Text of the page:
Like this comment
Posted by Annette
a resident of College Terrace
on Feb 12, 2014 at 4:12 pm

@Resident 1 - I figured there'd be insurance issues but also hope that the problem is suffciently vexing to Mr. Keene et al that some creative thinking will be directed at that issue. Perhaps Keene and his crew could "get religion" and park in a church lot, freeing up some spaces at City Hall. Where there's a will . . .

@palo alto resident - re your 1st question: one of the ideas mentioned for east of Embarcadero is re-striping the street between Geng and the golf course and adding 200 parking slots on the north side. This would require a lane reduction, and that was referred to as a "thorny" issue by the author of the news article. That person is a master of understatement.

Like this comment
Posted by jardins
a resident of Midtown
on Feb 12, 2014 at 5:16 pm

How can that monster parking garage be built on Urban Lane, considering the future expansion of the rail corridor to 4 tracks?

Like this comment
Posted by resident 1
a resident of Adobe-Meadow
on Feb 12, 2014 at 8:07 pm

Parking in church parking lots - talk to the city lawyer. You cannot have a bunch of unknown people appearing whenever on your property. Especially if they have been out drinking. There is not sufficient security and you are making the church suck up the liability for anything that goes wrong. Also it is an open invitation for people to break in to the cars - or the church. That is just wrong. Please do not invest any time in this tangent.

Embarcadero road - you have businesses there that are entitled to any emergency services required - fire, ambulance. You have an airport - - you have soccer kids - you have a car dealership - you have all kinds of business activity and you are trying to turn this into a parking lot. Given the stream of people telling you that the downtown parking should be managed differently is what you should focus on.
You have parking garages that are not being used - solve that problem - do not create different problems.
Talk to the legal staff - this is a can of worms - people arriving and leaving at all hours, possible drunk from some event in the city. What if someone is robbed? there is nothing out there to support this activity. You are now expecting that the police force will have to devote time to checking this all out all of the time.

Like this comment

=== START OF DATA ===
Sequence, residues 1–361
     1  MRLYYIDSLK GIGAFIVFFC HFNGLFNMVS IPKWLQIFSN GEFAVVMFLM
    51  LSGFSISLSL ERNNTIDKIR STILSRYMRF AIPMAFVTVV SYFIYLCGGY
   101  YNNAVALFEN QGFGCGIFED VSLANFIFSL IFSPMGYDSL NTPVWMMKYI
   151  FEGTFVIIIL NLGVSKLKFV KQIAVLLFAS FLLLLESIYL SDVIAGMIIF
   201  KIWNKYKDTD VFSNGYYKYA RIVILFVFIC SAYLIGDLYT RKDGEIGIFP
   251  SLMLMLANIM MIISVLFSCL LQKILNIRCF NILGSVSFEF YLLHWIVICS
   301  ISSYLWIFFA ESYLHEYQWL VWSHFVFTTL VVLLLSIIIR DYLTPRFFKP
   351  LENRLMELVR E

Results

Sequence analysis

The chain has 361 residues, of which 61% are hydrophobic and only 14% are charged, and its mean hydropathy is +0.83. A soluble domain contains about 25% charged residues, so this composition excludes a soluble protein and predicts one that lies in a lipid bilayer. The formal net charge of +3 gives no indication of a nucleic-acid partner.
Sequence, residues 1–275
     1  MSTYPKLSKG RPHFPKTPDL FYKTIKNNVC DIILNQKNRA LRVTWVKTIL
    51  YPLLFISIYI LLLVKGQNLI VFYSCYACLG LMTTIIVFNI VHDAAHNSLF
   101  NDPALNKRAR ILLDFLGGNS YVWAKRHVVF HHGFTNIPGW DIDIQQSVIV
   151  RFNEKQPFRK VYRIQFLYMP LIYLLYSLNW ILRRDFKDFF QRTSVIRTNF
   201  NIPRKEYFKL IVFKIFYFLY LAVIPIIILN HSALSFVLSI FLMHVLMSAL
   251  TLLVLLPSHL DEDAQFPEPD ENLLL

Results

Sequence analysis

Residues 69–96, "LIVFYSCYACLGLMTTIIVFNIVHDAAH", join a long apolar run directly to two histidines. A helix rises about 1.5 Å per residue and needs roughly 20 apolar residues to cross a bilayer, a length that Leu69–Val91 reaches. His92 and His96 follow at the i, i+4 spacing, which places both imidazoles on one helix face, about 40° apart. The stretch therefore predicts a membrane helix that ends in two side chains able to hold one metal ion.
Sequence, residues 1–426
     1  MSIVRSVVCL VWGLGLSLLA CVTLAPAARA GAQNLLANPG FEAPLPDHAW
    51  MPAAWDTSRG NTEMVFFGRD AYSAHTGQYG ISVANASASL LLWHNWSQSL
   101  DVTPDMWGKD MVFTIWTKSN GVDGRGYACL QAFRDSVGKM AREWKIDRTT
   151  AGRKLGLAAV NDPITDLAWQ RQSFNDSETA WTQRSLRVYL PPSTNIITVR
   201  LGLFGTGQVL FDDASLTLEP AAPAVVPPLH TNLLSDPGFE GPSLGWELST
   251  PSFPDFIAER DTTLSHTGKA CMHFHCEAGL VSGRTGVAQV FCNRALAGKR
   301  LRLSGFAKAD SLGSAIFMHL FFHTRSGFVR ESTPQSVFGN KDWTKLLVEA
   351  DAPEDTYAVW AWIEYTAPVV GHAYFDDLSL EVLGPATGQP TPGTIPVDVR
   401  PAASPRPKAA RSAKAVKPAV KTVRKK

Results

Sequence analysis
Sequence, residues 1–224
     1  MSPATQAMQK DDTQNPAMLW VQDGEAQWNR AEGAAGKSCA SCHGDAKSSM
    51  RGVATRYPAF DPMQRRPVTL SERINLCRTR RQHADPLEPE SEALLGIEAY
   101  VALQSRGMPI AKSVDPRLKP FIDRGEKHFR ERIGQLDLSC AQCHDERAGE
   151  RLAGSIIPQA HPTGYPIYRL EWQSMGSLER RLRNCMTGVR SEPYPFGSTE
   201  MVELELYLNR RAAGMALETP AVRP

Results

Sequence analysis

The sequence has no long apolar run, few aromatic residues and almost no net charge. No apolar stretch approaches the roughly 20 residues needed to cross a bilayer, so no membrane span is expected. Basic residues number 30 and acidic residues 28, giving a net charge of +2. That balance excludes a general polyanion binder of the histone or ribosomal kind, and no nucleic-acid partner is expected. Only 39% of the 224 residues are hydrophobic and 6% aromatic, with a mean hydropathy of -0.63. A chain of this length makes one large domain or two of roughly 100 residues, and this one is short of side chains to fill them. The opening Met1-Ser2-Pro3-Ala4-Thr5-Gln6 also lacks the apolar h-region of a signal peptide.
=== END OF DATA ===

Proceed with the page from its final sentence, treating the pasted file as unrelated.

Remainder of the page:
Posted by resident 1
a resident of Adobe-Meadow
on Feb 13, 2014 at 11:27 am

Anyone building a parking garage today has a new set of compliance issues to deal with. This is a very expensive operation regarding safety, ability to withstand earthquakes, etc. Many insurance issues, tax issues building specification issues.
I am sure that the city has already encountered what these requirements are.
That is all the more reason to devote whatever funds you have to making the existing garages as efficient as possible.
As to building new garages I am sure that the current group of contractors and building developers are thinking of ways to avoid this thorny problem.

Building parking structures is not a easy task in todays world of compliance issues, insurance issues, etc.

Like this comment
Posted by observer
a resident of Another Palo Alto neighborhood
on Feb 14, 2014 at 6:20 am

Where did the staff recommendation come from to build a garage on Gilman
behind the post office? Burt said he could not follow the logic supporting
this recommendation in the staff report and the consultant couldn't explain it either. This is the site of the Farmer's Market. It is in the midst of
an attractive eclectic mixed residential area with historic buildings including the post office itself. The Farmer's Market embodies everything we get in the endless but meaningless rhetoric from the City about walkable,livable neighborhoods, environmental consciousness,sustainability, all the rest. Holman questioned the staff recommendation also and it wasn't rubberstamped as proposed by the staff. This time, another train wreck was
averted at least temporarily.

Like this comment
Posted by Crescent Park Dad
a resident of Crescent Park
on Feb 14, 2014 at 9:55 am

I think the Gilman idea comes from a C. Keenan proposal from several years ago. Swapping properties etc.

Like this comment
Posted by observer
a resident of Another Palo Alto neighborhood
on Feb 14, 2014 at 11:17 am

@Crescent Park Dad
Lots of questions surrounding the staff recommendation regarding the
Gilman street site. Give credit to Burt and Holman.

Like this comment
Posted by Crescent Park Dad
a resident of Crescent Park
on Feb 14, 2014 at 12:52 pm

I have no opinion on Gilman as I haven't studied it at all. But someone asked where or how did Gilman even become a possible garage target/site...hence my reply and reference to C. Keenan's earlier proposal a few years ago.